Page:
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Cherry Blossoms off the Beaten Path


Sakura season has already begin in many areas of Japan. Throughout the country, there are numerous places to view these iconic cherry blossoms. In Hyogo Prefecture, many will point to the ones at Himeji Castle or Kinosaki Onsen, but the truth is that there are gorgeous cherry blossom spots in even the most unknown places.



Takarazuka's Street of Flowers


Takarazuka is a city known for being the birthplace of Takarazuka Revue, an all-female theater troupe, and the inspiration for Osamu Tezuka, the “Founder of Manga”. In celebration of the city’s artistic roots, visitors can visit Hana no Michi, or “Street of Flowers”. Leading from Takarazuka Station to the Takarazuka Grand Theater, this path has a number of artistic works and sights, such as a sculpture of The Rose of Versailles. As the name suggests, the path sports various flowers throughout the year, including cherry blossoms during the beginning of April. Visitors can appreciate the Western, artistic atmosphere in contrast with the Japanese cherry blossoms.





Takeda Castle


Takeda Castle is known for being a “castle in the sky” with the sea of clouds that surrounds the castle ruins on late fall mornings. In springtime, however, the old cherry trees in the castle ruins are in full bloom. The probability of a sea of



clouds appearing at this time of year is low, but when visitors who are lucky enough to see it can enjoy a spectacular view. Even if there is no sea of clouds, the cherry blossoms decorating the castle ruins creates a traditional Japanese scene. Visitors can walk up to the castle ruins in about 20-30 minutes.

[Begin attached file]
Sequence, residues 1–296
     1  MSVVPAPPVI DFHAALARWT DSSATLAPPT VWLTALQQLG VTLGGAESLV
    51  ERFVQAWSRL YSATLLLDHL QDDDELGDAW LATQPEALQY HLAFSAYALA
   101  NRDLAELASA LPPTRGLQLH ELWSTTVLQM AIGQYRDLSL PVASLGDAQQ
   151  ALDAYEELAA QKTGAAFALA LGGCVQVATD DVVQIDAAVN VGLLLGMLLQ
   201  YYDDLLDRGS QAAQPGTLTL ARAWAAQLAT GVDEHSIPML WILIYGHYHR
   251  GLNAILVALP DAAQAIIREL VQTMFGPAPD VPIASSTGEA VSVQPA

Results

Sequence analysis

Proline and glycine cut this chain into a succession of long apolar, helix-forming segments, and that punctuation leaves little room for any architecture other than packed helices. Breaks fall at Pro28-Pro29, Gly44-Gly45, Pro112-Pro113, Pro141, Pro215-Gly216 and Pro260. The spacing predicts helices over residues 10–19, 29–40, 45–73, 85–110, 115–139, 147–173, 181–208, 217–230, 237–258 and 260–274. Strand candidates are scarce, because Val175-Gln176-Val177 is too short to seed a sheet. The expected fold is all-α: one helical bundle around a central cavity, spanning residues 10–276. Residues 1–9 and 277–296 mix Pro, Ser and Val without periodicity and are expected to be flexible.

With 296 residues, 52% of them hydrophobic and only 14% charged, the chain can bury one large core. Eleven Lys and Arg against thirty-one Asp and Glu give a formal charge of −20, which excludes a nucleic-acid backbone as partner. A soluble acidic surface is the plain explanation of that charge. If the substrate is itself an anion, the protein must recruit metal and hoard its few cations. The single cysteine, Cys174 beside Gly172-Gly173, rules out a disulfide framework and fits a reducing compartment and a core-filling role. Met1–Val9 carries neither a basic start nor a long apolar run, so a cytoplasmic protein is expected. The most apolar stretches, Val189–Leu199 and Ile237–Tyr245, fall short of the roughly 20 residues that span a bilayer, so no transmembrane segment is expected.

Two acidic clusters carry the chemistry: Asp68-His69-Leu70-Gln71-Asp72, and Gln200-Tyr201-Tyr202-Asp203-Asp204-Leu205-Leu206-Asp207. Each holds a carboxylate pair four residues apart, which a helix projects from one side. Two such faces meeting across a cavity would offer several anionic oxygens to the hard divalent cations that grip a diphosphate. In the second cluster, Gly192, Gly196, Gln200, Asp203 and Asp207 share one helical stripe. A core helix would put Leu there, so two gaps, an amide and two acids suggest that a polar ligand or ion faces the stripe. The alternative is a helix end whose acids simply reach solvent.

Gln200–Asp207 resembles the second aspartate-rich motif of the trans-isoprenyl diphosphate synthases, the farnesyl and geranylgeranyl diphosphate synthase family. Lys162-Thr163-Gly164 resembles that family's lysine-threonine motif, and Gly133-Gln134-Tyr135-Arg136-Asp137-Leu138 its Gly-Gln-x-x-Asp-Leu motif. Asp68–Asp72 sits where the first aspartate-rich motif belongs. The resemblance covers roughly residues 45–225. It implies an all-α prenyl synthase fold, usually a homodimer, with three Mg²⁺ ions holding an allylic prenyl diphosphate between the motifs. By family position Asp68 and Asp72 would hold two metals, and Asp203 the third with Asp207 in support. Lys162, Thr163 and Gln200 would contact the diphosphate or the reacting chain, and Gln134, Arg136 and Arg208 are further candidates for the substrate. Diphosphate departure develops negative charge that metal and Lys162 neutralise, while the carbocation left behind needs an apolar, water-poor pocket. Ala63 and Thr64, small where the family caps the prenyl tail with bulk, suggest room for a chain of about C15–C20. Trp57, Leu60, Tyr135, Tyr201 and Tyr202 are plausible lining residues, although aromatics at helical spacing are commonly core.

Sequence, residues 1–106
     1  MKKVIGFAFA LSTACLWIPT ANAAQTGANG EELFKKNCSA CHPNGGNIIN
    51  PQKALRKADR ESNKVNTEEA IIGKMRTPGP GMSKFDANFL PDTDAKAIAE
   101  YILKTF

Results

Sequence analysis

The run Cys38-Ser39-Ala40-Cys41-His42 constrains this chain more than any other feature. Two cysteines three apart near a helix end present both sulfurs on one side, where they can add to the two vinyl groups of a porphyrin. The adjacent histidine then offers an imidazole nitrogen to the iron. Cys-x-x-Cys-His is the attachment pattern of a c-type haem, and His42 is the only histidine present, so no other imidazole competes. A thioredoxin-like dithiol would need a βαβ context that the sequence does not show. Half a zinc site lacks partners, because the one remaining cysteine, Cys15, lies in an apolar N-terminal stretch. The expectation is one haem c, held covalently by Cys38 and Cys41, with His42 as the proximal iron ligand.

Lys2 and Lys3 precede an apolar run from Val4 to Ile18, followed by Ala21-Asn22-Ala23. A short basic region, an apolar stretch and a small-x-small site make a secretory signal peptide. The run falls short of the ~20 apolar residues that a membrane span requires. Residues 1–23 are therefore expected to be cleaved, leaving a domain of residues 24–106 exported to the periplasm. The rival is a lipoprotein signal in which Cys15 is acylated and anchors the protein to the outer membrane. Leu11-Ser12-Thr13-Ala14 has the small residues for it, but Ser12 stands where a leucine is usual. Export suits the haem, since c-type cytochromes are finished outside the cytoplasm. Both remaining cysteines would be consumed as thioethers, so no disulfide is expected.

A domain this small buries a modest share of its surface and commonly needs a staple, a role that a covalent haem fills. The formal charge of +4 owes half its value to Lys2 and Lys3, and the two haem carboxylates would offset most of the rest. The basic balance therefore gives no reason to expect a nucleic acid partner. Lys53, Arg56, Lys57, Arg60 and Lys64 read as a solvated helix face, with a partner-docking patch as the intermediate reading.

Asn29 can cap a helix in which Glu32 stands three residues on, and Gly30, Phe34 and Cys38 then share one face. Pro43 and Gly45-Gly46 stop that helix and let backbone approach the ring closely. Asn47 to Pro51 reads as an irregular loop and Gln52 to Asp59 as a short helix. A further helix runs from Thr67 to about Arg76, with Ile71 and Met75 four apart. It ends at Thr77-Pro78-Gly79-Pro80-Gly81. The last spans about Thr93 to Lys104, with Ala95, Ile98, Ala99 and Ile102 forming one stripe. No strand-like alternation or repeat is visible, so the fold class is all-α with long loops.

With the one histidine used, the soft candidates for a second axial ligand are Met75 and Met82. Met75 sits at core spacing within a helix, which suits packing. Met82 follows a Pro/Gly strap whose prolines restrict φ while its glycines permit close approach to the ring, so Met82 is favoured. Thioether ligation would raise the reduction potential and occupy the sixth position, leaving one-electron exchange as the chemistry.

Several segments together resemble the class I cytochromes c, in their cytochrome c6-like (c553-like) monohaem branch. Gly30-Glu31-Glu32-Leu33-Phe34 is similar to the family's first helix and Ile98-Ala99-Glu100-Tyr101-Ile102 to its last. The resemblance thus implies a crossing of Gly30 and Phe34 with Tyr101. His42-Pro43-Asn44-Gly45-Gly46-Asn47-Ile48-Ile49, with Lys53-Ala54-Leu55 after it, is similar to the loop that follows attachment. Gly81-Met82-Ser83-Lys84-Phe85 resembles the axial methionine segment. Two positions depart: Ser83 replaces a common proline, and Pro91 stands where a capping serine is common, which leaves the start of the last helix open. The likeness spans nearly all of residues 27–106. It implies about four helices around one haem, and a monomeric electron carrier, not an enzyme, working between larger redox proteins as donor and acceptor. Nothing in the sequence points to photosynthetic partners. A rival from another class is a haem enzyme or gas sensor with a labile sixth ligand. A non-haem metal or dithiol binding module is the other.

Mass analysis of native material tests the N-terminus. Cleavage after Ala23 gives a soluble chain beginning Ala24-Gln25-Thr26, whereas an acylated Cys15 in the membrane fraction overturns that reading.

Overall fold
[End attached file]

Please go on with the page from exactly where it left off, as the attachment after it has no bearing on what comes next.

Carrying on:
Sumaura Sanjo Yuen Park


At the foot of Mr. Hachibuse, this park was an old battlefield from the Warring States period and was created to commemorate the accession of Emperor Showa to the throne. Visitors can take a ropeway up to the top of the mountain and view cherry blossoms against the



backdrop of Kobe Airport, Akashi Kaikyo Bridge (one of the world's largest suspension bridges) and the Seto Inland Sea. This mountaintop park has an observation tower, a cycle monorail, and fun character minicars. A great spot for families any time of year!





While in Japan, we encourage those to explore sakura both on and off the beaten path. Hyogo Prefecture is the perfect destination for finding cherry blossoms in all sorts of places, including picturesque paths, castle ruins, and parks.

 

Sweets for Sakura Season


Many people like to participate in hanami, or flower viewing, while the cherry blossoms are in bloom. One popular way to enjoy hanami is by having a picnic near or underneath sakura trees. Two sweets that have become nearly synonymous with hanami are sakuramochi and sanshoku dango.

Sakuramochi is a sweet consisting of a pink-colored mochi with a red bean paste center and wrapped in a pickled cherry blossom leaf. The Kansai-style version uses glutinous rice flour rather than regular rice flower.


Also known as hanami dango, sanshoku dango is a treat has dumplings made of a rice flour mixture. In this version of dango, there are three colors: pink representing cherry buds, white representing cherry blossoms in full bloom, and green representing leafy cherry blossoms after they have fallen.

 

Hyogo Prefecture is easily reachable from Osaka and Kyoto by JR train. The Hyogo Tourism Bureau provides more detailed information about traveling to and within the prefecture.


Please email us at office@hyogobcc.org if you have any questions about Hyogo Prefecture or the Kansai region.


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